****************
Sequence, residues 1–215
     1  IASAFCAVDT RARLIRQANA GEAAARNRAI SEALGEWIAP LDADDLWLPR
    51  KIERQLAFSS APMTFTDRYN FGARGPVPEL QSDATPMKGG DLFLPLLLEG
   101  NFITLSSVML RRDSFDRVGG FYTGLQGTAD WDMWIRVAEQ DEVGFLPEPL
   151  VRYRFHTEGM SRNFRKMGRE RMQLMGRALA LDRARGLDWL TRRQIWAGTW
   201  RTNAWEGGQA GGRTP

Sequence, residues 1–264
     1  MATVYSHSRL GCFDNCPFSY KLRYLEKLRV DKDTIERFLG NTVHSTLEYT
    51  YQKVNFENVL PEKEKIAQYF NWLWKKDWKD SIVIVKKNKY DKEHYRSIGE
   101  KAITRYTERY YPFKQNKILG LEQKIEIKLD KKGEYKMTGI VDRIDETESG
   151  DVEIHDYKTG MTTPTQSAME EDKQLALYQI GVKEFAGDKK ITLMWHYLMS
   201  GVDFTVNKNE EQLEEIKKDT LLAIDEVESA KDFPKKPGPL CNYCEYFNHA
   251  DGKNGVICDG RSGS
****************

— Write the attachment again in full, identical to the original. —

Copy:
Sequence, residues 1–215
     1  IASAFCAVDT RARLIRQANA GEAAARNRAI SEALGEWIAP LDADDLWLPR
    51  KIERQLAFSS APMTFTDRYN FGARGPVPEL QSDATPMKGG DLFLPLLLEG
   101  NFITLSSVML RRDSFDRVGG FYTGLQGTAD WDMWIRVAEQ DEVGFLPEPL
   151  VRYRFHTEGM SRNFRKMGRE RMQLMGRALA LDRARGLDWL TRRQIWAGTW
   201  RTNAWEGGQA GGRTP

Sequence, residues 1–264
     1  MATVYSHSRL GCFDNCPFSY KLRYLEKLRV DKDTIERFLG NTVHSTLEYT
    51  YQKVNFENVL PEKEKIAQYF NWLWKKDWKD SIVIVKKNKY DKEHYRSIGE
   101  KAITRYTERY YPFKQNKILG LEQKIEIKLD KKGEYKMTGI VDRIDETESG
   151  DVEIHDYKTG MTTPTQSAME EDKQLALYQI GVKEFAGDKK ITLMWHYLMS
   201  GVDFTVNKNE EQLEEIKKDT LLAIDEVESA KDFPKKPGPL CNYCEYFNHA
   251  DGKNGVICDG RSGS